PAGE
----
Tube bosses demand shop changes sign
A small electrical goods shop in South Shore has been ordered to change its logo '“ by transport bosses in London.
The Tube Station, in Bond Street, was designed to look just like the entrance to the underground in the capital.
After being open for almost six years, its logo has now come to the attention of Transport for London (TfL), which sent bemused owner Rick Footman a legal letter demanding he changes it because it’s almost identical to theirs.
The 53-year-old said: “At first I thought it must be a prank, but when I read it and saw all the documents attached I realised it wasn’t.
“I do feel hard done by, but if I’m wrong, I’m wrong.
“It’s not as if I’m selling tickets to travel to Fleetwood on the tram.”
A spokesman for TfL said: “The roundel is a trademark and as a valuable asset it is important that we protect it.
“We have written to the owners of this shop to ask them to stop using the roundel, and we are happy to speak with them further to resolve this matter.”
Rick, of St Heliers Road in South Shore, received the letter by email two days before going on holiday at the end of last month, but was so stunned he could barely take it seriously.
“I opened my email in the morning, as I do every day,” he said.
“I saw this and I replied straight away and said, ‘Fair dos, I will get it changed.”
As well as calling in local firm JW Signs to design and print a new logo — which will feature a fluorescent tube graphic across a circle instead of the underground’s iconic blue bar – Rick has to change his stationery, a counter top, uniform, and advertising.
Overall, he estimates the work will cost him £500.
The Spurs fan, originally from Essex, said: “Lots of my customers are amazed and disgusted, and said its typical bureaucracy.
“It’s the big guy taking on the small buy. Hopefully it will not have any impact of the business once the new logo goes up, but it’s just having to do it.
“Why should I?”
In the transport firm’s letter, sent by head of intellectual property rights development David Ellis, said: “While I am sure you were not aware that the roundel was a trademark when you chose to use it in this manner, you will appreciate that TfL must protect its intellectual property.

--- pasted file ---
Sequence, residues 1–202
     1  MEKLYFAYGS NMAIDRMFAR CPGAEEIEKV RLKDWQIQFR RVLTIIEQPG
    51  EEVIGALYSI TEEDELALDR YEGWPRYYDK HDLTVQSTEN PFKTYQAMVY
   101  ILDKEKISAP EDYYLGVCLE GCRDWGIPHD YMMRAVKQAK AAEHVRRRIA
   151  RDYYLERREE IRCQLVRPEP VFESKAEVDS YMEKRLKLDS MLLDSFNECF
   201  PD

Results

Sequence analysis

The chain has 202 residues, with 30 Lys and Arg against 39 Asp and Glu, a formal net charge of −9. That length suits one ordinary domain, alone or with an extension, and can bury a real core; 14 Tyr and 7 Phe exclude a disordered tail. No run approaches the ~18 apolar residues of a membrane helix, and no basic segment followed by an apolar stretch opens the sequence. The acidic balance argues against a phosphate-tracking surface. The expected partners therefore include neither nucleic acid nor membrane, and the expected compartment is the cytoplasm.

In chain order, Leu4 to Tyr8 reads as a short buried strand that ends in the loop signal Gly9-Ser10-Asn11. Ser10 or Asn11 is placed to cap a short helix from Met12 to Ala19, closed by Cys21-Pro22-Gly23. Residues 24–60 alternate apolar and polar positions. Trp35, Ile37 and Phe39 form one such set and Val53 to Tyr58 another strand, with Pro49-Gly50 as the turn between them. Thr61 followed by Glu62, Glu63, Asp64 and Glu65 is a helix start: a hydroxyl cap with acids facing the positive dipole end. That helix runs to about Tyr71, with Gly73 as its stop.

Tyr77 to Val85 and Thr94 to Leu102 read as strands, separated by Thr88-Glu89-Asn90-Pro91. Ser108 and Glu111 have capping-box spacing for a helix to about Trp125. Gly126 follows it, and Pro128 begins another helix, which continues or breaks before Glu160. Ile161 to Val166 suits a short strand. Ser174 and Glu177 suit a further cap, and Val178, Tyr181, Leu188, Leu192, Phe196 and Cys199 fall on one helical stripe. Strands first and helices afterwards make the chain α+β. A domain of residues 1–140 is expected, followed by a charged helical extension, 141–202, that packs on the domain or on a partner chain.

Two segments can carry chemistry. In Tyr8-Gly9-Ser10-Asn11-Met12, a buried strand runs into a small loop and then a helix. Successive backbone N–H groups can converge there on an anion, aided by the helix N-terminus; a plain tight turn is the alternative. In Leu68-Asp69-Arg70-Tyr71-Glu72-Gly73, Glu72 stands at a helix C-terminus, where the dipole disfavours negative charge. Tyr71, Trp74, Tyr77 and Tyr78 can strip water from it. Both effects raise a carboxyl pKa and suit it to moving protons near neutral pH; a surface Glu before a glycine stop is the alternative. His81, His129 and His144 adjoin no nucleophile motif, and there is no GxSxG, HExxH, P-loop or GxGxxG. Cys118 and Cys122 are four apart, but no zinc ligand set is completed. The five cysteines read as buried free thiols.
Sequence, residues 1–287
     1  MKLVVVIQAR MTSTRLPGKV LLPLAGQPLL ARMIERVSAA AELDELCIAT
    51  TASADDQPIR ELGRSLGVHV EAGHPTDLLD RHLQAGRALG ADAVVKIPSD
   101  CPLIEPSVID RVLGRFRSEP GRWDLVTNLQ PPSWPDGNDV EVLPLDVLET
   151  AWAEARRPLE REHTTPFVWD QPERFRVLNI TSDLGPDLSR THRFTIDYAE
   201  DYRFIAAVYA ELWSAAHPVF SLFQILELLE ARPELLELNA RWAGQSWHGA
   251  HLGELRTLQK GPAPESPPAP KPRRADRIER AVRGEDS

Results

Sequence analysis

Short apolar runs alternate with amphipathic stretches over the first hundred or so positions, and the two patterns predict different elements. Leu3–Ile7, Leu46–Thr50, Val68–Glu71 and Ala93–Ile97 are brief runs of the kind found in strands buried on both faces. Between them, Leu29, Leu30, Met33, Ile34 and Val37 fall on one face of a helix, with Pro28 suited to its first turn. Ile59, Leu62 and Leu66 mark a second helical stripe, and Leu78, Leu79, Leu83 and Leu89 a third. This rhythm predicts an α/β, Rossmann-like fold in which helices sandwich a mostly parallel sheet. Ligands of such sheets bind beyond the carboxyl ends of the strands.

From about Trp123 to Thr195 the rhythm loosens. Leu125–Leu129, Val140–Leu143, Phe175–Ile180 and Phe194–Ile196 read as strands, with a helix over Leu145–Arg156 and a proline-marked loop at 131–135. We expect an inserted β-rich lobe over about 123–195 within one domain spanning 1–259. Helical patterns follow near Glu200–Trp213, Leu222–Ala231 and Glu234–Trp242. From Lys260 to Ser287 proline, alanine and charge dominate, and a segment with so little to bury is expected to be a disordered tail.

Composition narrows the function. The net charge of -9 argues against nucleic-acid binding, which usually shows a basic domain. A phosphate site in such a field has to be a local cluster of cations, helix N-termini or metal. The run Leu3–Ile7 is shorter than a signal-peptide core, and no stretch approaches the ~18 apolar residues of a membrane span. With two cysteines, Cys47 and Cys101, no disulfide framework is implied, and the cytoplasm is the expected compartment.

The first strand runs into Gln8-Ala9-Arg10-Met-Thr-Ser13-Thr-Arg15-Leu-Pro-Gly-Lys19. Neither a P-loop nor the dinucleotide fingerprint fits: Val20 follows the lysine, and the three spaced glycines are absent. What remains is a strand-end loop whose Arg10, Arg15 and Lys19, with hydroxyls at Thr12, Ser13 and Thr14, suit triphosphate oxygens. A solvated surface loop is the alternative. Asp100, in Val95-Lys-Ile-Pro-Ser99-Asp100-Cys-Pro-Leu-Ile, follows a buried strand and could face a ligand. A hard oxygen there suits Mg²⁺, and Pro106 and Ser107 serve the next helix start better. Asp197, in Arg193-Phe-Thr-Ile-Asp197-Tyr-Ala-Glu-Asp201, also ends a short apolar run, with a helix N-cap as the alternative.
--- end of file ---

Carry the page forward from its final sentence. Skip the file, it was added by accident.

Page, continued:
“You are therefore requested to stop your use of the roundel and any other TfL intellectual property.
“We would be happy to give you two months for you to change the signage on your shop front, but would need confirmation that this has been done by August 3, 2016.”
Rick, who sells a collection of lighting, cables, switching, and other electrical wholesale goods, said he expects the work to be done early this week.
He said he has informed TfL of the change, and shown them his new logo, but has yet to receive a reply.
This latest row is the second of its type on the Fylde coast in a matter of months.
In October, Gusto Italian Pizza, in Church Street, Lytham, rebranded as the Lytham Pizza Company after losing its battle with national eatery Gusto.
The firm said it was being ‘bullied’ into the change, though Gusto, which opened on Dicconson Terrace earlier this year, said it had owned the trademark for many years.
A spokesman said: “I thought they wouldn’t be bothered about us, but we got a solicitor’s letter and it was very pushy, very demanding.
“We took advice from a trademark solicitor and he said, although we have a good, strong case, it could be a long battle and they have a lot of money and it would cost a lot in legal fees.”
A Gusto spokesman added: “It is only common sense to protect that business, and that is exactly what the trademark laws are designed to do.
“Any sensible business would do the same.”